CO failed to meet the pilot proficiency requirements — at least 10 flight hours per month — for five of the six months preceding the crash.
CO failed to exercise sound and reasonable judgment and through his negligence he destroyed the aircraft and put the crew in unnecessary danger.
CO violated NATOPS rules by signing for an aircraft he was not authorized to fly. CO was not authorized to sign for the aircraft because his name was not in the maintenance database. But, he told the crew: “No question here. I am the CO and this is my aircraft.”
CO, as pilot in command failed to run through the landing checklist at 500 feet.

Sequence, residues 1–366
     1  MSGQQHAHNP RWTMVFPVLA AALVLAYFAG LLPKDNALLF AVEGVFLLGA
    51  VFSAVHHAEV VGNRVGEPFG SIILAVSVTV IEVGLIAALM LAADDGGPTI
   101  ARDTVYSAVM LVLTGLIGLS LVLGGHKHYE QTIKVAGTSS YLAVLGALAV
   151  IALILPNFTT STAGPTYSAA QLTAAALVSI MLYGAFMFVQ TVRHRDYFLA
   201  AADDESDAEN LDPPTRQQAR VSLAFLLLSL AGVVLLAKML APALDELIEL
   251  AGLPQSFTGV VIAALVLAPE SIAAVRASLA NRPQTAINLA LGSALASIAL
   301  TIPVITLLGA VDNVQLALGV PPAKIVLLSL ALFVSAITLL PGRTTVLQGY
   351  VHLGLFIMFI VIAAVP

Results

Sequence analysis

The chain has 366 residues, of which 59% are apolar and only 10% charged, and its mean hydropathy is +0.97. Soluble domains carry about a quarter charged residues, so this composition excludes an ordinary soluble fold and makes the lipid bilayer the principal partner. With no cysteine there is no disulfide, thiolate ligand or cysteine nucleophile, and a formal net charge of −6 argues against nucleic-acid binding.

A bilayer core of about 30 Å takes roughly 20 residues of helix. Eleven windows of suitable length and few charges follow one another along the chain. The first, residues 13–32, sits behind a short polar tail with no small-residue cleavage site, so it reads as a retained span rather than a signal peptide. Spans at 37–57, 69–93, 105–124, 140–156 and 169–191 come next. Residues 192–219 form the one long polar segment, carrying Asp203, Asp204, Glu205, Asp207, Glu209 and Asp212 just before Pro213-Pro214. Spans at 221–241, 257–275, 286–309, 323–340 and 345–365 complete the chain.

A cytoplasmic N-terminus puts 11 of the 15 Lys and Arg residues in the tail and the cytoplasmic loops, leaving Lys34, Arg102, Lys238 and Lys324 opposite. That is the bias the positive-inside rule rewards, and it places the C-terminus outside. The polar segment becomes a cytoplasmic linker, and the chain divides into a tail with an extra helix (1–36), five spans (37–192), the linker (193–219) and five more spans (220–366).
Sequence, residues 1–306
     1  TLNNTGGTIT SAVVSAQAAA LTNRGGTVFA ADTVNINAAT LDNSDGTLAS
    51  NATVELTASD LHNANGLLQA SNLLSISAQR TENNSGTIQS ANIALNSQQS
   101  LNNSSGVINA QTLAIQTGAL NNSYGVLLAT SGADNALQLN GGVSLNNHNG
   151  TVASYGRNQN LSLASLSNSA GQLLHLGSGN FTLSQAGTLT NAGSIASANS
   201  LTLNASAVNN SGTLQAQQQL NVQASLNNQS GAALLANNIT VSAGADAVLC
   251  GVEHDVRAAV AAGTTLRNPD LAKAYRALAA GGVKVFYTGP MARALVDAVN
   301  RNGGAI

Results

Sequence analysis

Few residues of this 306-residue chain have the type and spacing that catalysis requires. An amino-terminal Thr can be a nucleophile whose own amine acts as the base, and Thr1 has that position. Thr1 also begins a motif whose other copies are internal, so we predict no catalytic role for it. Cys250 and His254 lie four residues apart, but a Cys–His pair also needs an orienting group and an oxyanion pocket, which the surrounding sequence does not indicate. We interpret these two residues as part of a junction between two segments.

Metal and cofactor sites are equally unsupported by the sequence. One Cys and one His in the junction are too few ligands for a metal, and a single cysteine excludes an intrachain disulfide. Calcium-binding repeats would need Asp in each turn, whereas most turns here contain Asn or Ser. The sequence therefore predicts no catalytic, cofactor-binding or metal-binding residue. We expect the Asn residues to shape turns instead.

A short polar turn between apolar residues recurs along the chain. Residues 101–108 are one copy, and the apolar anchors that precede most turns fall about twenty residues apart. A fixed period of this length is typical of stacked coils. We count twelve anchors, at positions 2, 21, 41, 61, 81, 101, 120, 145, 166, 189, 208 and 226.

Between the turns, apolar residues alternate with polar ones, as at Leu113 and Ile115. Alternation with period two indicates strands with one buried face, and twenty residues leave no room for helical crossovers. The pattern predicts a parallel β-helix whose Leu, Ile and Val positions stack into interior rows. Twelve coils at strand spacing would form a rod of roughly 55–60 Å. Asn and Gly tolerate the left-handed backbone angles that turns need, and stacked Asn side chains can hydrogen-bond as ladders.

VPU-1 flies a specialized version of the recon plane, the P-3 “REEF POINT,” which includes additional long-range cameras and electro-optical sensors.
Extracts above from NAVY TIMES.
After he was relieved of command, the CO was assigned to Joint Special Operations Command, Aviation Tactics Evaluation Group, at Fort Bragg, N.C., Navy records show. Presumably he was assigned to the Tactics Evaluation Group to tell them how he would do it, so they could indicate in their tactics that 'his way is the wrong way.'
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